What is back-focusing? Is it something I need to be worried about, or can I just live with it? How can I tell if my camera/lens is sufferring from it?
Back-focusing and front-focusing is when the auto-focus consistently is slightly off in either direction.
This problem has always existed as long as auto-focus has existed, but it has come into focus (no pun intended) with digital cameras where you can enlarge the image to pixel level and really see where the focus is.
You can test this with a simple setup of a ruler and a box of matches, or any similar objects. Put the ruler on a table and place the box standing right beside it. Focus on the box and take a picture, preferrably using a long lens and the largest possible aperture (lowest f-stop value).
box -> | o <- camera | --------------- <-ruler
Now when you examine the photo you can see where the ruler is sharp. If the auto-focus is correct, the box is in focus, and the part of the ruler that is sharp is a section in front of and behind the box, centered slightly behind the front of the box. That is because the depth of focus is slightly longer behind the subject:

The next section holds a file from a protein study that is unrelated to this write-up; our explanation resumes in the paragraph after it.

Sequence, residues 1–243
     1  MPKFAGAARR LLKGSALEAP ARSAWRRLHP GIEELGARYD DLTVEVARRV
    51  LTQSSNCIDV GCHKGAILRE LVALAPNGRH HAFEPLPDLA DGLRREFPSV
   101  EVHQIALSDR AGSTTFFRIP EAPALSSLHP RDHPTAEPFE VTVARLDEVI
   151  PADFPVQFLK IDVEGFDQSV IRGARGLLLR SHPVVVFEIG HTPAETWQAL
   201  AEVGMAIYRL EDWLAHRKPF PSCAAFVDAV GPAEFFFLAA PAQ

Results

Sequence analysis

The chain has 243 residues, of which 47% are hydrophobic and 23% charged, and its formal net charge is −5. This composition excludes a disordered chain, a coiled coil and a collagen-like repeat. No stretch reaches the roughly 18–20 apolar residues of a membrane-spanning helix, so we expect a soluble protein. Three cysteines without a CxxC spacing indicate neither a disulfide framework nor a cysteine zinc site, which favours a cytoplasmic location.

box -> | | --------------- <-ruler ^ ^ |__|sharp
There's a page at focustestchart.com that goes into enormous detail about this.
The quick summary: back focus is when the focus plane is further back than you were expecting it to be (so your subject is out of focus, but something behind it is sharp). This is usually operator error, but might possibly be a problem with the lens; the page linked above gives you a way to distinguish between the two.
See also the focus test chart at http://pentaxdslrs.blogspot.com/2008/06/part-1-autofocus-adjustment-for-pentax.html. It has a slightly more accurate focus target and measures the 45 degree angle for you.
Note that it's incredibly easy to do focus testing wrong. Be careful and disciplined in following the directions.
Back-focusing/front-focusing is when your auto-focus is wrong, and focuses too far or too close. This is most visible when you're shotting with fast telephoto lenses and in other situations with shallow depth of field. Most people don't like to have their photo out-of-focus, so if you're suffering from this it's best to fix it.
As Matt writes, you can check your camera+lens using chart at focustestchart.com. On some cameras front-back focusing can be tuned directly in their menu, but sometimes it's necessary to get the camera and/or lens calibrated in service center.